Tuesday, March 17, 2009

Stop Flying

Should we stop flying? Ever since I read British environmental journalist George Monbiot's stimulating book, Heat: How to Stop the Planet From Burning awhile back, one of the conclusions that stuck with me most was how the air travel sector (and high-speed long-distance travel in genreal) is probably the most difficult sector for finding technological solutions to reduce greenhouse gas emissions.

Monbiot argues that there is no alternative but to drastically reduce air travel. He contends that we need a new ethics to discourage frequent air travel, since it is highly damaging to the atmosphere and, moreover, since it is almost exclusively done by the most privileged people on the planet. (Poor people in developing countries, who will be the worst victims of climate change, never fly.)

It will be hard enough to curtail our air travel for business. But think of the even more difficult problem of what Monbiot calls "Love Miles," the distance that separates us from loved ones. See this video clip from Monbiot to hear more, or perhaps his article in the Guardian. I believe that we need to grapple honestly with the sobering implications of Monbiot's argument.

Tuesday, March 10, 2009

A Lumpenlogocrat Manifesto

Several months ago I read Marc Bousquet's sensational How the University Works: Higher Education and the Low-Wage Nation (New York University Press, 2008). I've been meaning to write a blog posting about this book, since in many ways it offers a manifesto for lumpenlogocrats. I keep thinking that I will find the inspiration to write a longer analysis. But it just isn't happening. So I figure I might as well just point our readers toward the book itself--and the author's website.

Himself a tenured English professor at Santa Clara University, Bousquet gained wide attention in the 1990s for his "excremental" theory of graduate education. Roughly, this interpretation holds that, especially in the humanities, Ph.D. recipients are a waste product of a system of higher education that has relied increasingly on contingent labor--including graduate student labor--over the past few decades. Needless to say, Bousquet's work is both provocative and timely, and in many ways should be an essential foundation for lumpenlogocrat consciousness.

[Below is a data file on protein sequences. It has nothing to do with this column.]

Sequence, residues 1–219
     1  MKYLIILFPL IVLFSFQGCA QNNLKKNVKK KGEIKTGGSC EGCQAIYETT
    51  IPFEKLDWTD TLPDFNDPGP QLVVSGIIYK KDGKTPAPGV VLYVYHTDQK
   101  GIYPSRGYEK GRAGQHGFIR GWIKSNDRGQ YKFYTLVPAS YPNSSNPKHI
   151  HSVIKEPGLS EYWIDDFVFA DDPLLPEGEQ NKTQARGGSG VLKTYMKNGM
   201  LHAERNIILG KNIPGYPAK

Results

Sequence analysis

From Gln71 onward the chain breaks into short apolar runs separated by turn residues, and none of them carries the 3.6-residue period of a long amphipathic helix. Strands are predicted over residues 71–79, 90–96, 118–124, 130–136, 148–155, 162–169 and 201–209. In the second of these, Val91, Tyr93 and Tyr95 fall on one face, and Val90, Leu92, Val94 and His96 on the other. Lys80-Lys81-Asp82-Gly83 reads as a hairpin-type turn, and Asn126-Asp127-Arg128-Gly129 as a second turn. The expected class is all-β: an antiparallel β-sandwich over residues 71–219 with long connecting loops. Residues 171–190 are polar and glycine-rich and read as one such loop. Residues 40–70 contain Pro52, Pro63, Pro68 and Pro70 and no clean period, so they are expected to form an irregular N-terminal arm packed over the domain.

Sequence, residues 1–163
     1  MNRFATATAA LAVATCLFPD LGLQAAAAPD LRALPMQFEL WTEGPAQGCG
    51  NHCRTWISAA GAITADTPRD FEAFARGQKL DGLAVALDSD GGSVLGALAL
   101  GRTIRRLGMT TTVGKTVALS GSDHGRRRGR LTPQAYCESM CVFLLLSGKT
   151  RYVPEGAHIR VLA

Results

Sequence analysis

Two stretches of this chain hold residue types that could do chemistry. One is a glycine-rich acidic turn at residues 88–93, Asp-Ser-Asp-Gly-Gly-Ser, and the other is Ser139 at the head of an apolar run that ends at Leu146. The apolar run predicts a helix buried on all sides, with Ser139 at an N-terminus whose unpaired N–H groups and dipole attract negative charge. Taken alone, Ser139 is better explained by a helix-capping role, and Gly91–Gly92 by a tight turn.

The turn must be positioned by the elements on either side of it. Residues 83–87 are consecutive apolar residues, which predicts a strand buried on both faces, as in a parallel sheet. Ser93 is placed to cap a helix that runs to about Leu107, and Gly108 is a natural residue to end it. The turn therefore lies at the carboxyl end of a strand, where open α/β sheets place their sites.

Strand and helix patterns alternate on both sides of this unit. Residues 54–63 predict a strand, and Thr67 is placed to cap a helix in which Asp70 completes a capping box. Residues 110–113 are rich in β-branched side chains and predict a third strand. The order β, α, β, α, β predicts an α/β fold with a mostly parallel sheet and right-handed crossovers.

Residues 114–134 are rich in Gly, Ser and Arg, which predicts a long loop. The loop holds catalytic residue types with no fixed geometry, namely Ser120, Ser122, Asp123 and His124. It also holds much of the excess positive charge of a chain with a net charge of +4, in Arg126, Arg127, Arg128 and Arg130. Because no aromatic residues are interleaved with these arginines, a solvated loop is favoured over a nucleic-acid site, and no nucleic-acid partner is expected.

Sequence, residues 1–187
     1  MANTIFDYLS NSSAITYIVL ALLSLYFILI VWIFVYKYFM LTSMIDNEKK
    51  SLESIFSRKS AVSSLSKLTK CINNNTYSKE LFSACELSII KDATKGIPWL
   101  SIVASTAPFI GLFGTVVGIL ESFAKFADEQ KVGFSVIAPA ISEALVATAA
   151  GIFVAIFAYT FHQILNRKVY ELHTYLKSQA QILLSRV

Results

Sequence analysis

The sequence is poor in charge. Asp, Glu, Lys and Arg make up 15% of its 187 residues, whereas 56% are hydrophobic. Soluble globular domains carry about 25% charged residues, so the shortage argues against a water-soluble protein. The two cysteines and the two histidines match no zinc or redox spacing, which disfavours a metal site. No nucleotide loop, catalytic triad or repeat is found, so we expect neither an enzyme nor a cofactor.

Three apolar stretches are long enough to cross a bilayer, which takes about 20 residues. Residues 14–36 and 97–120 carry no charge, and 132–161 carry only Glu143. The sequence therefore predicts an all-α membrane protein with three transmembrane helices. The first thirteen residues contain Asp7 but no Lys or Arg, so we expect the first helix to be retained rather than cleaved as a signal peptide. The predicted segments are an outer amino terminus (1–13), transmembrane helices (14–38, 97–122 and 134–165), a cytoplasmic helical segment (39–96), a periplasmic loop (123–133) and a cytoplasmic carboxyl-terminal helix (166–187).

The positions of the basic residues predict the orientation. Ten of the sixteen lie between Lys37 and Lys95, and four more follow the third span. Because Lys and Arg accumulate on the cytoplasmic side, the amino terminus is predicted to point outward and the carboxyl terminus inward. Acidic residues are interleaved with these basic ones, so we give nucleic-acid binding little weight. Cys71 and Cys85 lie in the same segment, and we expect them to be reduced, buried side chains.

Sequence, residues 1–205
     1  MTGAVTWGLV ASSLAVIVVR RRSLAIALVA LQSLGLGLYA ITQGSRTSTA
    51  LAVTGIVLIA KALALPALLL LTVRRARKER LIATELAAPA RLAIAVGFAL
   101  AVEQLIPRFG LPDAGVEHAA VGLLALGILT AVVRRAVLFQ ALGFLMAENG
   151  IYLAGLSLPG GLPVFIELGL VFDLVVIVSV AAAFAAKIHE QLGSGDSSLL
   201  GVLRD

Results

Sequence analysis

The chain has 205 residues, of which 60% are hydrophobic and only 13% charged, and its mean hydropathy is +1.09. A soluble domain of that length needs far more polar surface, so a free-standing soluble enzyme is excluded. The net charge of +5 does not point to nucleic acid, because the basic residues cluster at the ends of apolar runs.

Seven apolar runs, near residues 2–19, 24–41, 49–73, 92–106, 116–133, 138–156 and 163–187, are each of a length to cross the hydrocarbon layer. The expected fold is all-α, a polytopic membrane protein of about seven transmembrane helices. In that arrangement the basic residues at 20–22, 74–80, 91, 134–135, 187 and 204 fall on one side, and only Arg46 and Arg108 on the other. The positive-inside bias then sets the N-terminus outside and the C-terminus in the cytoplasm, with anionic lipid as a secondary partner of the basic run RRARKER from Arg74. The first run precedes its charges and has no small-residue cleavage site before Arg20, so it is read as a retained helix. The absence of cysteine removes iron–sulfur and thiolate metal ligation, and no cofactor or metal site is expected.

The issue of contingent academic labor remains quite relevant during this economic crisis. Colleges and universities are often trying to increase their reliance on adjuncts and other contingent faculty even more, now that endowment spending, alumni giving, and financial aid lines in the budget are under severe pressure. Of course, Bousquet would point out that this is just one more justification among many for this shift, which has been occurring through good times and bad. It's just like the Republicans and tax policy: when times are good, cut taxes; when times are bad, cut taxes. For universities: when times are good, use more contingent labor; when times are bad, use more contingent labor.

Bousquet's indictment of higher education is strongly worded and uncompromising. And it also rings true. There is no single issue that strikes more at the heart of what is wrong with higher education today than the massive shift towards contingent labor. The shift has not been felt equally across all institutions--a small number of elite liberal arts colleges, for example, still have the majority of courses taught by tenured and tenure-track faculty, at least for those students privileged enough to be able to attend such schools--but its effects in Academia have been far more profound and consequential than any of the squabbles that regularly surface in the mass media about what is wrong with higher education.

Bousquet does not believe in the "job market." Or, more precisely, he believes that the "job market" is an idealized fiction that covers up the reality of a shift towards cheap, expendable contingent labor. It is a measure of the rhetorical effectiveness of such terms as "job market" that even those of us who understand Bousquet's critique have a hard time avoiding them.

This is the one book that all lumpenlogocrats (and those who stand in solidarity with them) should read.

Saturday, March 07, 2009

The future of food

There's a good article in the recent Mother Jones about the problems of producing enough food for the world in the ways currently in vogue as "sustainable." The author, Paul Roberts, argues that the organic- and local-food movement is promoting a model of farming that is very difficult to scale up to the size needed to feed the earth's growing population. That part of the article is certainly very useful and informative, but what I really like came near the end.

Food activists have pushed consumer education and activism as a means to convince food producers and marketers that more sustainable food can be profitable. But the changes needed to the food supply are huge, and unlikely to be realized through consumer choice alone. What we need to do is change the rules of the market through new laws and government programs. It's a good example of the limits of pocket-book activism. Regardless of how many choices we have in the market, real change demands political action.